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School Closings (Probably) Work

Let’s learn the lessons of past pandemics in deciding on when, whether, and for how long to close schools.
November 30, 2020
School Closings (Probably) Work
A teacher starts to reset up her classrooms at Freedom Preparatory Academy as they begin to prepare to restart school after it was closed in March due to COVID-19 on August 5, 2020 in Provo, Utah. The school is planning to have students return on August 18 for five days a week instruction, but with reduced hours during the day. (Photo by George Frey/Getty Images)

Another surge of coronavirus cases is upon us, and it is horrifying. The last seven days saw more than a million new cases in the United States. Last week, there were two days in which the national tally of reported COVID-19 deaths rose above 2,000—for the first time since May. Based on current projections, 60,000 to 90,000 additional deaths are expected by late January. Any easing of masking or social distancing restrictions is likely to add to that total. Despite ubiquitous warnings from news media and public health authorities about the risks of holiday travel and visits, thousands of people who were infected over the Thanksgiving weekend will likely be in hospital beds around Christmas.

At the same time, the public-private partnership called Operation Warp Speed and a massive global research effort are on track to produce billions of doses of effective, safe vaccines that should help crush the pandemic over the next year. We are about to cross a bridge that will take us out of the pandemic. What matters now is getting as many people as we can across that bridge with as few infections, disabilities, and deaths as possible.

In this landscape of daunting challenges and surprising hope, we have, in the short term, a limited set of tools available to mitigate the pandemic. These tools center on various expressions of social distancing. Within this category, closing K-12 schools has probably been the most consequential decision—and the most contentious: Many places across the country have seen strident debate on the tradeoffs between the needs of children to be educated and socialized and the extent to which open schools contribute to the spread of infections. This is doubly unfortunate because, from a scientific and public health perspective, the evidence strongly indicates school closures are among the most effective strategies we have for reducing the spread of viral infections.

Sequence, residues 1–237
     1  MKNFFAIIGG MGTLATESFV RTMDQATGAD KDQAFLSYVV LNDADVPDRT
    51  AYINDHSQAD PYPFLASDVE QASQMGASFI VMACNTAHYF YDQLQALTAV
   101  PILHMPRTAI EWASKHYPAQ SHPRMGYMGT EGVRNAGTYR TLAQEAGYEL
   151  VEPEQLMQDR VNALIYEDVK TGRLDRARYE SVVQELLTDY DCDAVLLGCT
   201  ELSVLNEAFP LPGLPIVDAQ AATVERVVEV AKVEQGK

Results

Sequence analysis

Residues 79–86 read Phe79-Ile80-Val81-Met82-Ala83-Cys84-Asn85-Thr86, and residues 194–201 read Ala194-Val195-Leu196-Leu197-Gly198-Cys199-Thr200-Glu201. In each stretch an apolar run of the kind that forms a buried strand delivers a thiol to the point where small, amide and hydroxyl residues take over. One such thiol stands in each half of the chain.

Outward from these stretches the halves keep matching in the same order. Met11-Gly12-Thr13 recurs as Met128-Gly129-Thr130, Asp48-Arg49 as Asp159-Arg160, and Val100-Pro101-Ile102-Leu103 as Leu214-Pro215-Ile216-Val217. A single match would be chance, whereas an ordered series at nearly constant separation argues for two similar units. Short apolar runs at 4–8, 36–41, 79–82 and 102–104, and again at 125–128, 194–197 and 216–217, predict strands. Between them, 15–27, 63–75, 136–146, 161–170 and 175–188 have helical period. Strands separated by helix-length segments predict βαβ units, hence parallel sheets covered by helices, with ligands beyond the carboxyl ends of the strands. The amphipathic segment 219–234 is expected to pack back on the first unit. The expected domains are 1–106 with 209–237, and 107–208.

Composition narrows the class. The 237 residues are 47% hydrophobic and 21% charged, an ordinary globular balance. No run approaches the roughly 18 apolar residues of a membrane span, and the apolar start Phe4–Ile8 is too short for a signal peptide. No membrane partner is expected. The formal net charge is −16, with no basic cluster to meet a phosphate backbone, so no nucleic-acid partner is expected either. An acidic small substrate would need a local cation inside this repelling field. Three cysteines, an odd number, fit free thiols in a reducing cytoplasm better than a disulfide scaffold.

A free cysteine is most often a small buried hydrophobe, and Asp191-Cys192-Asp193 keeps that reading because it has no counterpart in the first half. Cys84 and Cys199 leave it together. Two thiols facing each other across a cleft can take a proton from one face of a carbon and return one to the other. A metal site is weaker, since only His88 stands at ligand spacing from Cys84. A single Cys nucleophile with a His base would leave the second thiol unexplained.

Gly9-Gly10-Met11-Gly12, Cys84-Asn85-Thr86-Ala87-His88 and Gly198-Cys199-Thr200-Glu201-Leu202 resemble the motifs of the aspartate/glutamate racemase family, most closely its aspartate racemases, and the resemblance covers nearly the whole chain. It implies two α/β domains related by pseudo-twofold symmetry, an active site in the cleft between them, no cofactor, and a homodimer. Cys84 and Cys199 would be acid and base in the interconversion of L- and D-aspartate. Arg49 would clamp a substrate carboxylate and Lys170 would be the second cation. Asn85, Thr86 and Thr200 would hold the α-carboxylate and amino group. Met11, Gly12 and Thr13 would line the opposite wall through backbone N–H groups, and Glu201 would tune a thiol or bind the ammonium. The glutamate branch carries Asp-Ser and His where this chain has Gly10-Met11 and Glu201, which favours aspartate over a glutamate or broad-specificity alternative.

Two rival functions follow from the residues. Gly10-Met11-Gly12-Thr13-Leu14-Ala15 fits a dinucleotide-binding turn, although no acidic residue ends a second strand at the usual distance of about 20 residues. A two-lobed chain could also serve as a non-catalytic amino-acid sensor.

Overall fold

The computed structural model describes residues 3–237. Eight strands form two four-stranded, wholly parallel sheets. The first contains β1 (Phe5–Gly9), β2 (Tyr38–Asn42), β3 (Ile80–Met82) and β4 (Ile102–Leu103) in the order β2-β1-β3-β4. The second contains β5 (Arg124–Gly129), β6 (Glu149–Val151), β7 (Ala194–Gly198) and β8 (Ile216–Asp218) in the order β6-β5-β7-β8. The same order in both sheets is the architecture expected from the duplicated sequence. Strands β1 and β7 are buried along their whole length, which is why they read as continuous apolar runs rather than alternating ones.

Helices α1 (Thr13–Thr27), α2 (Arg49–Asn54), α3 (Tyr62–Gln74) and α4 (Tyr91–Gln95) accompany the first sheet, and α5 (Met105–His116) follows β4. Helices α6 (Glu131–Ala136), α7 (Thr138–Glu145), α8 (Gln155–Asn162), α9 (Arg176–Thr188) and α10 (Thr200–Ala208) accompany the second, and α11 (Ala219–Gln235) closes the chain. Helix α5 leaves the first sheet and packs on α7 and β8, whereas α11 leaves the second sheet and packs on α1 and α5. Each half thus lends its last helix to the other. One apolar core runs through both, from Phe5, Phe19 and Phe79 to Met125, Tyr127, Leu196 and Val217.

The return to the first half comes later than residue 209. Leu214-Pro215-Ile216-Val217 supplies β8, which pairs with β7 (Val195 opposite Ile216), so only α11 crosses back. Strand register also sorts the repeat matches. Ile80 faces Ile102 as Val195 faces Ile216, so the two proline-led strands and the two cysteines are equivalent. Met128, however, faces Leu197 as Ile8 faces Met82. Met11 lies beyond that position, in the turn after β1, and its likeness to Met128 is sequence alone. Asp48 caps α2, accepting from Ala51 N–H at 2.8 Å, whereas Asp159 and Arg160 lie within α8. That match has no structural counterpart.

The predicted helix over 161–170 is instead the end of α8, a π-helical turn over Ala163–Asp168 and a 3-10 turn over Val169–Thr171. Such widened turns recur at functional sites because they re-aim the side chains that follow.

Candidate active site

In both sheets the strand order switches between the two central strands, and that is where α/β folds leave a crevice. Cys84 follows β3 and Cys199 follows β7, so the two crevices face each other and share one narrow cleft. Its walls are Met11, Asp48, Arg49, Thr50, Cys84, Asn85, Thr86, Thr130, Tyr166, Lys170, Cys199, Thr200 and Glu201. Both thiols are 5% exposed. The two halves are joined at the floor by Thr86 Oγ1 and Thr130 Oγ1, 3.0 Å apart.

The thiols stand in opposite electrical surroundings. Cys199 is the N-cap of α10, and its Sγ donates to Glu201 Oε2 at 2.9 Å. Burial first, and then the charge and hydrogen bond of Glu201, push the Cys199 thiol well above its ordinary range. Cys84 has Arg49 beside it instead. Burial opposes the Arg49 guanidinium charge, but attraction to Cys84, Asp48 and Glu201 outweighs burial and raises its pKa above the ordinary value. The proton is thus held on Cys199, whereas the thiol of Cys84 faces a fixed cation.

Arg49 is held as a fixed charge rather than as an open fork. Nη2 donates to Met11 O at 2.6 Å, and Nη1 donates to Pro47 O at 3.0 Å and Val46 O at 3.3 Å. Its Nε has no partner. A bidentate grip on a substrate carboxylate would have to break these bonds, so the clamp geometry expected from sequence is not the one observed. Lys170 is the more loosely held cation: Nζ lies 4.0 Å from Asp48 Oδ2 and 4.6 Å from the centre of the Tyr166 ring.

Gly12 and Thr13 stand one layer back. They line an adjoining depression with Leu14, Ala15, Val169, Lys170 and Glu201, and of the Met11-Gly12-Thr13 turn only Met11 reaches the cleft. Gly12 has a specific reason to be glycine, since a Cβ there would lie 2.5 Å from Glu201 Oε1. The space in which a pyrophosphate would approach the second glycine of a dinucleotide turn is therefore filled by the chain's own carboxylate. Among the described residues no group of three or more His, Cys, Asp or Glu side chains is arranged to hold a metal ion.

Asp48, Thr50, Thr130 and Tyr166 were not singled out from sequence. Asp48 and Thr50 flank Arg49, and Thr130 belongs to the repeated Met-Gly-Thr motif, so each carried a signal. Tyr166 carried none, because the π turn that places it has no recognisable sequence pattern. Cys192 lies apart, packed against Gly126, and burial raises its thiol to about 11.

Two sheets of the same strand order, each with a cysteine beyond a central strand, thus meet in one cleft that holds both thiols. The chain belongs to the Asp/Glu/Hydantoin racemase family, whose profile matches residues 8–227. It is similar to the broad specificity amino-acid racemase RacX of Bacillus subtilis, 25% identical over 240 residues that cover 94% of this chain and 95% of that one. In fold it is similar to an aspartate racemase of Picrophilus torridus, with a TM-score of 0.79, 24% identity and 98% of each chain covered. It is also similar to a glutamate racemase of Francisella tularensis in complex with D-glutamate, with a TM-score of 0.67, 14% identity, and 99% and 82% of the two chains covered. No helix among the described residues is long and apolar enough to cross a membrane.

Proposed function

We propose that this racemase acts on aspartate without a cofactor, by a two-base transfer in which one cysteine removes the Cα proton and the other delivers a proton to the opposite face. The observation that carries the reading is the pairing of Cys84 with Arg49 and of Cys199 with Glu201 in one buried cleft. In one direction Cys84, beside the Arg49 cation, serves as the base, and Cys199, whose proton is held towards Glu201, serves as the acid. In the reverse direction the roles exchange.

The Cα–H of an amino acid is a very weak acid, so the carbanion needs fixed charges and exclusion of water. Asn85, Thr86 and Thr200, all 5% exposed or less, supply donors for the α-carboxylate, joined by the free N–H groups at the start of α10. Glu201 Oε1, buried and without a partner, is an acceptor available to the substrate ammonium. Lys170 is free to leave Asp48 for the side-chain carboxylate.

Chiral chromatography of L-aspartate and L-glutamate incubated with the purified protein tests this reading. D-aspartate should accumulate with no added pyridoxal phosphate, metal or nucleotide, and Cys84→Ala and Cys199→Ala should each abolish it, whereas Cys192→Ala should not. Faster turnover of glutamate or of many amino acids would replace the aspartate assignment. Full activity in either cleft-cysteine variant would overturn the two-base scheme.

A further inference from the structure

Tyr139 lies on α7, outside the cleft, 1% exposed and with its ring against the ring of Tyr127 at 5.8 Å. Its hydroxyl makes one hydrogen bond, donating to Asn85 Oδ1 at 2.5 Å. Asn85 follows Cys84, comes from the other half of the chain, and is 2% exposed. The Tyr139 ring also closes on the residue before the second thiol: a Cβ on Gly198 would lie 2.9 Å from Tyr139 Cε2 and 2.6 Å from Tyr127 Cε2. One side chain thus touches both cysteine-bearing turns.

In a new book, Apollo’s Arrow: The Profound and Enduring Impact of Coronavirus on the Way We Live, Yale physician and sociologist Nicholas Christakis reviews the historical and epidemiological data on this issue. While not discounting the ambiguities and tradeoffs associated with school closings, he argues that “the impact of banning occasional large gatherings like sporting events or religious services does not even come close to that of school closure” and that “school closures are the most consequential [public health measure] that can be employed, short of requiring everyone to stay home.” Moreover, Christakis says, the data show that these policies are most effective in reducing disease when they are imposed early, even before cases show up in a community, and are maintained for prolonged periods.

Christakis relies on data drawn from past pandemics within the United States and other countries. A review of studies from 1957 to 2015 in 12 different countries showed that closing schools delayed and reduced epidemic peaks. The longer schools were kept closed, the later the peak arrives. Whether the peak arrives early or late, these closures have the benefit of reducing the final case count, thereby avoiding disease and death.

Within the United States, the evidence is even stronger. A paper examining “nonpharmaceutical interventions” implemented during the 1918 pandemic examined more than forty U.S. cities and found that closing schools and restricting public gatherings helped significantly reduce excess deaths. The same paper found that cities adopting these policies early and sustaining them over long periods, like St. Louis, Missouri, experienced outbreaks that were less brutal than other cities that did not adopt them early or sustain them as long. One interesting factor here was that in some places, whether or not schools closed officially, absenteeism rose sharply at the peak of the epidemic—effectively a closure of the schools by the community rather than government edict. Something similar happened this year: Especially during the early months, parents in some places starting keeping their children home even before schools had officially closed.